Can Print Still Flourish in The Age of Digital? An Interview with Star Tribune Magazine’s Sue Campbell
Has digital media – from Huffington Post, Google News and BuzzFeed to Kindle e-books, Twitter and (God help us) more than 8 million blogs – finally vanquished Print?
Recent headlines provide brutal evidence: Condé Nast announced last December it was shutting down the print version of Self magazine to go online-only. Nearly three months prior, the daily Pittsburgh Tribune-Review shifted to online-only, laying off 106 staffers. Gannett recently “downsized” 350 jobs and the Wall Street Journal laid off 48 (although to be fair, the Washington Post – with 750 newsroom positions – is adding dozens of journalists). But the evocatively-titled website Newspaper Death Watch continues to track newspapers, from Denver’s Rocky Mountain News to the Tampa Tribune, that have closed in a column headed “R.I.P.”
So when Minnesota’s Star Tribune media company announced that in April 2017, it will launch a new quarterly print publication – Star Tribune Magazine – for delivery to 230,000 subscriber households, our ears at Maccabee PR perked up. In the words of Ruth Jamieson’s new book on the indie mag explosion, “Print Is Dead. Long Live Print”! But it’s a new kind of print – from Red Bull’s thrilling two million-circulation Red Bulletin Magazine to limited edition magazines like London-based LAW. All of which proves there’s still a place in the media landscape for tactile, richly-illustrated print media, even in the face of what Jamieson decried as the internet’s facility with “fast, cheap distribution of throwaway information.”
Heading the new Star Tribune Magazine is Sue Campbell (pictured on left), assistant managing editor for features at the Star Tribune. An alumnus of the St. Paul Pioneer Press, Sue comes out of digital – at Twin Cities Public TV, she grew the NextAvenue.org website to a 300 percent increase in traffic with 1,000,000 unique visitors a month, re-launching the site with responsive design and mobile-friendly content. Before that, she worked at MSP Communications as director of feature digital editorial for clients from 3M to Optum and General Mills. Please welcome. . . Sue Campbell!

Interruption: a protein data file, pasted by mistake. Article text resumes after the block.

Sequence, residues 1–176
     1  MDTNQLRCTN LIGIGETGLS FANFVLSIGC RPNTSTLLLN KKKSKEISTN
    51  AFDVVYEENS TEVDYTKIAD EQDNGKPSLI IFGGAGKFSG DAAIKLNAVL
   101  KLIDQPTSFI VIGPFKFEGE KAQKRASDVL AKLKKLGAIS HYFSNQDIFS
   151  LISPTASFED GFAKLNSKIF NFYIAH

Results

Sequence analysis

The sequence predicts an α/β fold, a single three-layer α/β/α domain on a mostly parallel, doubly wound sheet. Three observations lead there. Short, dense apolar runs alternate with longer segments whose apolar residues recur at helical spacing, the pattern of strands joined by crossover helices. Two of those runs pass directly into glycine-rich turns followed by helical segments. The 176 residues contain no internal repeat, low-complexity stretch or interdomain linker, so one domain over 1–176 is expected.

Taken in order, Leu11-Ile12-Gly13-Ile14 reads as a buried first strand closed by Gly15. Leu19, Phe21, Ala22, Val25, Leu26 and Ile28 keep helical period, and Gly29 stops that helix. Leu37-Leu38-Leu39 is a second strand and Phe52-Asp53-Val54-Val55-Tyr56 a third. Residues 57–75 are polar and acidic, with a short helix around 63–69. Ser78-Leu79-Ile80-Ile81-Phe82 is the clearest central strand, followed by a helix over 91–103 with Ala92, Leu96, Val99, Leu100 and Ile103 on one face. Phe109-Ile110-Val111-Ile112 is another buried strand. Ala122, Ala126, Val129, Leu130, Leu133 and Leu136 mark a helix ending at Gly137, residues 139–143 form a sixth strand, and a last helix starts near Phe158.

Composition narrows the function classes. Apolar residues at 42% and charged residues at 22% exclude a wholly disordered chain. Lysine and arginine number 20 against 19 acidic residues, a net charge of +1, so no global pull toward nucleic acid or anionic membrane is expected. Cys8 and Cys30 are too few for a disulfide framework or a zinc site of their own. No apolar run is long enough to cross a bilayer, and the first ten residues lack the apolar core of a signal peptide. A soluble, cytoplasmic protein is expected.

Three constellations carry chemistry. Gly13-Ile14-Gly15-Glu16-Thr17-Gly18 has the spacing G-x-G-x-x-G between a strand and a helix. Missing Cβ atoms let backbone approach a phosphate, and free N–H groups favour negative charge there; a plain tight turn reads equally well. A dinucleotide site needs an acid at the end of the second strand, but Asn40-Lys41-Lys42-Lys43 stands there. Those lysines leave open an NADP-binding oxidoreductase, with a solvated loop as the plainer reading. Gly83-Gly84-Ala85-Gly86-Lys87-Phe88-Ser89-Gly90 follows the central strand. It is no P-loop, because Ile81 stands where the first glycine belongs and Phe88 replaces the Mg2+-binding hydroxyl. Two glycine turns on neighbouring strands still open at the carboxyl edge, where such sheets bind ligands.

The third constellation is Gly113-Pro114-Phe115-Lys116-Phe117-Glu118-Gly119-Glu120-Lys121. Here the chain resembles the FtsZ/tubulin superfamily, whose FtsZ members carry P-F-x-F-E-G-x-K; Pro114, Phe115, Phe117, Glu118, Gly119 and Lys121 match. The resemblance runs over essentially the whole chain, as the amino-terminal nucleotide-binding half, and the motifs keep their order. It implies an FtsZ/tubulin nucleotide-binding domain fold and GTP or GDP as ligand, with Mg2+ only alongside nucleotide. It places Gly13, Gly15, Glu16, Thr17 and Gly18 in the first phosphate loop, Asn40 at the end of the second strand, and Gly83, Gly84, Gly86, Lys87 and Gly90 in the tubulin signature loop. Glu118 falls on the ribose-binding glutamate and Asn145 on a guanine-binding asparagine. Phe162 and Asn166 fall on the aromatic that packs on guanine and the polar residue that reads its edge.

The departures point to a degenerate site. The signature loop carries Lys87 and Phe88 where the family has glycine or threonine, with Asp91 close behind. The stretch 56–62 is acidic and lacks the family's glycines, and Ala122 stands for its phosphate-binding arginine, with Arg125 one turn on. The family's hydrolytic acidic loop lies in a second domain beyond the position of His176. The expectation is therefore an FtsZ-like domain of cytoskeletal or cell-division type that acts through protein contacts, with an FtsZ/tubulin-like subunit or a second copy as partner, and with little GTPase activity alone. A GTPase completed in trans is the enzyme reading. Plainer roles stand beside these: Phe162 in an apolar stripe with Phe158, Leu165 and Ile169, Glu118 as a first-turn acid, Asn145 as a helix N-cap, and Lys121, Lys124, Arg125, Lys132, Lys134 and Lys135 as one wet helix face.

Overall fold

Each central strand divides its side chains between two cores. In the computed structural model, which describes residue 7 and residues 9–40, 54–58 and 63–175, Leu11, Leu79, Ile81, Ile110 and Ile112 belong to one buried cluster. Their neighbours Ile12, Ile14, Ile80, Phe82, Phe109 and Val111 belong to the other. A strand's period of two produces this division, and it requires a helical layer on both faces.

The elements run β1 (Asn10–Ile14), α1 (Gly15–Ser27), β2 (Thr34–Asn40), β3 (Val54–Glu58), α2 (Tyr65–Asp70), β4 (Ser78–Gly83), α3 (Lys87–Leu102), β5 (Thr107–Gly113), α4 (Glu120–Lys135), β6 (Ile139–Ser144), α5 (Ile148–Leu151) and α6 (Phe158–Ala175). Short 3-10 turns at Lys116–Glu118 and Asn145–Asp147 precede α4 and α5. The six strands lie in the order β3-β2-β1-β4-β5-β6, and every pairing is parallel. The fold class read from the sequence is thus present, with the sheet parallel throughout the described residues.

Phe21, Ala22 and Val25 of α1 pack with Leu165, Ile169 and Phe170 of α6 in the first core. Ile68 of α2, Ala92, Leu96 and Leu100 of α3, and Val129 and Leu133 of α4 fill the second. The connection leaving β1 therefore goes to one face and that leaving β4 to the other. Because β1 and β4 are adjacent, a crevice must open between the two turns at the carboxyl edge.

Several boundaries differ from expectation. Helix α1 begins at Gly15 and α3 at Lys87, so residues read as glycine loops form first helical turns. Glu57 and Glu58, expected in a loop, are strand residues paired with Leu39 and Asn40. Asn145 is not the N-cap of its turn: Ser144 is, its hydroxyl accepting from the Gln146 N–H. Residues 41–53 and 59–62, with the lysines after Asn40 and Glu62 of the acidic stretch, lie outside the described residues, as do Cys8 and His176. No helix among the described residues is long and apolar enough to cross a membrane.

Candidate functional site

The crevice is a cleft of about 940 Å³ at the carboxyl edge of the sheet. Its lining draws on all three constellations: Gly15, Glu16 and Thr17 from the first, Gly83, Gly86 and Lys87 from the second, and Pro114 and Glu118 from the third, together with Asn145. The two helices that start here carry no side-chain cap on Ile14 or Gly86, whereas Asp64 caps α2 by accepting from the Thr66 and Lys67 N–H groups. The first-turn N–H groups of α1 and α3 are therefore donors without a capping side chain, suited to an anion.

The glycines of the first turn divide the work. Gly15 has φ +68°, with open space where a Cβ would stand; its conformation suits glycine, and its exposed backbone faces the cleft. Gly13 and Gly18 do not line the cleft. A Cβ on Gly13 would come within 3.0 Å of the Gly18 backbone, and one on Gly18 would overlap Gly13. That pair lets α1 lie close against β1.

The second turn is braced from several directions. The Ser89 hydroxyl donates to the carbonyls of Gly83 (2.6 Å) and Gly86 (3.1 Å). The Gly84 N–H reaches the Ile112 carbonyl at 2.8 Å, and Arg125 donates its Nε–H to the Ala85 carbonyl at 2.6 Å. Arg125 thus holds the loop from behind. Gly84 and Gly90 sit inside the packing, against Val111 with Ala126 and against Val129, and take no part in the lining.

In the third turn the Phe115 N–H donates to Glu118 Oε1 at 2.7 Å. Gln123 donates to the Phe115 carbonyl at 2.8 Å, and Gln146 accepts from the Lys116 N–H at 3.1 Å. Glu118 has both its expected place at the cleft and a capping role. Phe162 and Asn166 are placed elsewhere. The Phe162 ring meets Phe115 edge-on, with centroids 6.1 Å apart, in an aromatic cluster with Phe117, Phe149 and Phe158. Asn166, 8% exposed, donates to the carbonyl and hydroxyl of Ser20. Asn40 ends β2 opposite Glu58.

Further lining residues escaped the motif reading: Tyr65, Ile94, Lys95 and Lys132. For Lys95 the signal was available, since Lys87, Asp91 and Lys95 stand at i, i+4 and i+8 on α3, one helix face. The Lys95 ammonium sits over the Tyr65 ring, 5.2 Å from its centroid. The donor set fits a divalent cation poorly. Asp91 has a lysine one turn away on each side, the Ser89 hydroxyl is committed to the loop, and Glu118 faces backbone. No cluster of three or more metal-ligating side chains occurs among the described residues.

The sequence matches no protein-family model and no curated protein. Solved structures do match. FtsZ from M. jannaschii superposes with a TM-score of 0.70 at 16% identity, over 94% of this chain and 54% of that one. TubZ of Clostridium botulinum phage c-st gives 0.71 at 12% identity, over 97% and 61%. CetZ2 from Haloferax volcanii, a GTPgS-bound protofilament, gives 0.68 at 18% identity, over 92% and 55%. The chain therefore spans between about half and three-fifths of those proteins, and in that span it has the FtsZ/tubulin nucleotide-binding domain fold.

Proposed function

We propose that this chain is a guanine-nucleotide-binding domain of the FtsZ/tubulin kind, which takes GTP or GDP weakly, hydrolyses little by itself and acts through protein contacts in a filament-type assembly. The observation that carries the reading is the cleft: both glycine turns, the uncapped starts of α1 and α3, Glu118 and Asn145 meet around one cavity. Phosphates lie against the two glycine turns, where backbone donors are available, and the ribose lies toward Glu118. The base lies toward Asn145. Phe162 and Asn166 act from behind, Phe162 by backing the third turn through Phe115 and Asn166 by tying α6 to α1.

So, Sue, what’s up with our Minneapolis newspaper – so successful in growing digital products like StarTribune.com to 7,000,000 unique visitors – giving birth to another print publication, Star Tribune Magazine?
“Our publisher Mike Klingensmith – who launched Entertainment Weekly magazine – is hugely bullish on print. Mike recognizes that newspapers that pulled away from their daily print publishing were hurt by it. Papers like the Detroit Free Press, which cut back on delivering daily issues to subscribers’ homes, eroded their print audience.”
“Our new magazine really is a print product. If a Sunday print subscriber wants to see Star Tribune Magazine online, it’s there – but behind a firewall that you can access only using your subscription information.”
“The magazine will be 100% fresh content, so it will not cannibalize what we’re already publishing in the daily paper. Our staff is thrilled: Reporters like to write for a shiny, glossy package that lets you create a cover story in a different way. With a daily newspaper, journalists have to hook readers high in the story in the first few sentences. With magazines, you can relax readers into the story and exercise your muscles of narrative storytelling. We’ll also be publishing a quarterly photo essay in Star Tribune Magazine, enabling our photographers to shoot more in-depth than they do with daily images for spot news.”